it could indicate that SQL Server isn’t configured to use all available
processors. If SQL Server is the only server application running on the
computer, then all processors should be available to SQL Server. You can
configure processor affinity through the Server Properties on the Processors
page.

In most cases, a processor bottleneck
indicates you need to either upgrade to a faster processor or to multiple
processors. In some cases, you can reduce the processor load by fine-tuning
your application.

Monitoring disk use

SQL Server is a disk-intensive application.
Because of this, the disk subsystem is often a bottleneck to system
performance. Disk subsystem components include the hard disk drives and
controllers as well as CD-ROM drives and tape drives if used. Typically, the
counters you need to monitor include those described in the following table.

Object

Counter

Description

PhysicalDisk

% Disk Time

Should be consistently less than 90%. In
RAID subsystems, the value can range higher than 100%, and you need to rely
primarily on disk queue values.

PhysicalDisk

Avg. Disk Queue  Length

Should be less than or equal to two times
the  number of spindles.

PhysicalDisk

Current Disk Queue  Length

Number of disk requests waiting at any
one time. Helps determine which activities are generating the most disk
activity.

Memory

Page Faults/sec

Determine whether the disk activity is
being generated by SQL Server or because of excessive paging.

SQLServer: Buffer Manager

Page Reads/sec

Determine the amount of disk activity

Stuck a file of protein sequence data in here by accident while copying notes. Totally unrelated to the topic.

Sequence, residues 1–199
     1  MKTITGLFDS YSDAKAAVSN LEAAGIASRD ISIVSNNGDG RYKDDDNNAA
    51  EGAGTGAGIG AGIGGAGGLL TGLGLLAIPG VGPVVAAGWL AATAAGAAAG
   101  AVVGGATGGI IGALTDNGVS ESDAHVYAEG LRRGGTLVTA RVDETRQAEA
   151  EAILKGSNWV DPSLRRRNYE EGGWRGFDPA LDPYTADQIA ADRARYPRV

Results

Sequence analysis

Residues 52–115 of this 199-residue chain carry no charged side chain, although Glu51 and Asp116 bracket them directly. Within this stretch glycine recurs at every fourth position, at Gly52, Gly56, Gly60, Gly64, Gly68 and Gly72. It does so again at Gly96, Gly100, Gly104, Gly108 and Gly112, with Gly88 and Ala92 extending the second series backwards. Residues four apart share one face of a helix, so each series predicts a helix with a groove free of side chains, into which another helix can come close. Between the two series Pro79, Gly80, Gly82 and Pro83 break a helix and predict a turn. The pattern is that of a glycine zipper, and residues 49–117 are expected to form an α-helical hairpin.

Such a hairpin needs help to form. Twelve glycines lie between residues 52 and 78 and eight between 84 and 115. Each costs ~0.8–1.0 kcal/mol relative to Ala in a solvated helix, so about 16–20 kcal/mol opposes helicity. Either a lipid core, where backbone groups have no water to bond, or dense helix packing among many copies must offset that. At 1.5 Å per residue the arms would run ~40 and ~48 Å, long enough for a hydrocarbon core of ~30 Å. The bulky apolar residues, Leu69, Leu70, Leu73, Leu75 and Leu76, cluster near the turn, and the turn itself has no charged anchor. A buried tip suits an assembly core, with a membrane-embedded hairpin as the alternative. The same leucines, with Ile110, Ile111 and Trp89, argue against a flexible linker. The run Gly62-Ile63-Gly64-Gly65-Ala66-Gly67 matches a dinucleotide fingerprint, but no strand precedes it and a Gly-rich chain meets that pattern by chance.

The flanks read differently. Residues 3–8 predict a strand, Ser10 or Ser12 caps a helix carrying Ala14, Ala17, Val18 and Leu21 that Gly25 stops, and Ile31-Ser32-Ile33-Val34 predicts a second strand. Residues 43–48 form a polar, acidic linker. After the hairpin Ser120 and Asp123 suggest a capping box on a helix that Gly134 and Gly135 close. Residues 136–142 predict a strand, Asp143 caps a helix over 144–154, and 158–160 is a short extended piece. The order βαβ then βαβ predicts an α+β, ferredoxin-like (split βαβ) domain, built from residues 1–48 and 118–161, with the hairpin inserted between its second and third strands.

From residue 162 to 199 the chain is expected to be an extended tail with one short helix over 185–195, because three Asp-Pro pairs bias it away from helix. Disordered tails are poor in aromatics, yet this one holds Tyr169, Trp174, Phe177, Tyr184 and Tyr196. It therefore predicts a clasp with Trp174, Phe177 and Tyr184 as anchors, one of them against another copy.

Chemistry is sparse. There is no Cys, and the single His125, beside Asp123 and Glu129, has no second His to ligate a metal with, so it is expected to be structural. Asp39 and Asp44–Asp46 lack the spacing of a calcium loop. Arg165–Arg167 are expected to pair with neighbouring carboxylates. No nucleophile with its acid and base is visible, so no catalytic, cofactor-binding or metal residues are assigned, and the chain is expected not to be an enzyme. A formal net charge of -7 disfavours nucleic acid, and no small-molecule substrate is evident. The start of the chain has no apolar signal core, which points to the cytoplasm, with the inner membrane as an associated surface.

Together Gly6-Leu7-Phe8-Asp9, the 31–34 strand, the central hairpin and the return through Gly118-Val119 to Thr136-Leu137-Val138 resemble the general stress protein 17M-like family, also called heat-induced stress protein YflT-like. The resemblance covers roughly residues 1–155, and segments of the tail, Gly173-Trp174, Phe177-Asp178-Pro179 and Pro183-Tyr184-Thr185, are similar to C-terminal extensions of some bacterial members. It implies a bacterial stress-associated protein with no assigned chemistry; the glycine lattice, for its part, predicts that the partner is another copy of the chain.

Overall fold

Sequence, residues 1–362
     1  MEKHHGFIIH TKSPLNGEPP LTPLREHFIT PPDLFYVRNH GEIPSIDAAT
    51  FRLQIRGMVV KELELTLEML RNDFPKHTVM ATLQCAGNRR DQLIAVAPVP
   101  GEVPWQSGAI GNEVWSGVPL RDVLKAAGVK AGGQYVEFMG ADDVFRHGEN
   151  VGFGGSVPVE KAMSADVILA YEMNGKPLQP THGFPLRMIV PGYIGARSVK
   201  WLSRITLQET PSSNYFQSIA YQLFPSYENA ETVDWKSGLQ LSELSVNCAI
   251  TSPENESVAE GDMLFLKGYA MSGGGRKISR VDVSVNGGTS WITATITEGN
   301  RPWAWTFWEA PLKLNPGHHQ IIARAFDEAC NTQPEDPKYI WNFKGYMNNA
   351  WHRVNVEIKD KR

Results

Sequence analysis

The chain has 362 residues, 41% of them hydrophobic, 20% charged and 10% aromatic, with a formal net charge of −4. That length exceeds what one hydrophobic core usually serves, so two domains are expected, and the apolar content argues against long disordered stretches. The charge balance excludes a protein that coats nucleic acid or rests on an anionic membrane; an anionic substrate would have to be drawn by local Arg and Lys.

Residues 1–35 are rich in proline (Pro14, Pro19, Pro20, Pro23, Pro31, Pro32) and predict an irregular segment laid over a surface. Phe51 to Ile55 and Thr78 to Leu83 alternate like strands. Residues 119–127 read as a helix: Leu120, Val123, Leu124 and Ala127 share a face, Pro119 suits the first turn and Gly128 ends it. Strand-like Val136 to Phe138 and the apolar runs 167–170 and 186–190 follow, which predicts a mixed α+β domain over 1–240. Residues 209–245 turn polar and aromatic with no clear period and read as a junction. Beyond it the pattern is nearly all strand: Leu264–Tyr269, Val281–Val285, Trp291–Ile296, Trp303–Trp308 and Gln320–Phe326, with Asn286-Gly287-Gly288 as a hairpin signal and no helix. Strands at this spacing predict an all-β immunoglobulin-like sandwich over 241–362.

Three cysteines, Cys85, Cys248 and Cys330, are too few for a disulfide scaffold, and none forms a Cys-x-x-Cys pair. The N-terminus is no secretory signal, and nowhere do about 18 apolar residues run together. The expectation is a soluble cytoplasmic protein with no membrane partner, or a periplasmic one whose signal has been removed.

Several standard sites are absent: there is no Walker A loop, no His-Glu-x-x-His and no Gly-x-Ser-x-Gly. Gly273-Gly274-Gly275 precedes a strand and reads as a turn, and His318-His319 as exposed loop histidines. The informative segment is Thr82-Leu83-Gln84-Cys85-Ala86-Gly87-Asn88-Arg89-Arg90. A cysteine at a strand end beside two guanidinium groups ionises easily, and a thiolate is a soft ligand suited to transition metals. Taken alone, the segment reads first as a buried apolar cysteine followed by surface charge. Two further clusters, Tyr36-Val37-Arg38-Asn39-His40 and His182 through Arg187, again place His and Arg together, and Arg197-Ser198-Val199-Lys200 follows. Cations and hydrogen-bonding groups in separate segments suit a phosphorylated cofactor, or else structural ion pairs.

being generated by SQL Server.

You determine the percentage of the
activity being generated by SQL Server by comparing SQL Server read/write activity
with disk read/write activity. If the hard disk is configured with a single
partition, use physical disk read/sec and write/sec counters. If the hard disk
is configured as multiple partitions, you should use the logical disk read/sec
and write/sec counters for those logical drives employed by SQL Server. Disk
bottlenecks often require either installation of faster disk subsystems or
multiple hard disks and disk controllers to allow split reads and writes.

Monitoring memory use

There are two general categories of memory
counters that you should monitor:

  1. Potential
    low-memory conditions in system memory.
  2. SQL
    Server memory usage so you can determine whether or not SQL Server is causing
    the problem.

The following table describes counters that
monitor memory use.

Object

Counter

Description

Memory

Available
Bytes

Amount of memory available for processes
and should be consistently higher than 5,000 KB.

Memory

Pages/sec

Should never climb consistently above 0.

Process

Page
Faults/sec

A high value indicates excessive paging,
which can result in both memory and the hard disk becoming performance
bottlenecks. You must determine if the problem is being caused by SQL Server
or by another process running on the system.

Process

Working
Set

Monitor this value for each instance of
SQL Server running on the system to determine the amount of system memory
being used by SQL Server. This value should be greater than 5,000 KB at all
times.

SQLServer:
Buffer Manager

Buffer
Cache Hit Ratio

For most applications, this value should
be 90 or higher, indicating that most data requirements are being serviced
from the cache. A lower value can indicate a memory bottleneck or a poorly
designed application.

SQLServer:
Buffer Manager

Total
Pages

A low value here can indicate a need to
install additional memory. Typically, a low number here is accompanied by a
low Buffer Cache Hit Ratio.

SQLServer:
Memory Manager

Total
Server Memory (KB)

If this value is relatively high in
comparison to total system memory, it’s a good indicator that you should
install more memory.

If at all possible, you should avoid
running other server applications on a system that’s supporting SQL Server. If
this isn’t possible and if you can’t monitor memory used by the other
application directly, you must infer its memory usage by comparing system
memory and SQL Server memory counters. In most situations, the preferred
configuration is to let SQL Server manage memory use automatically.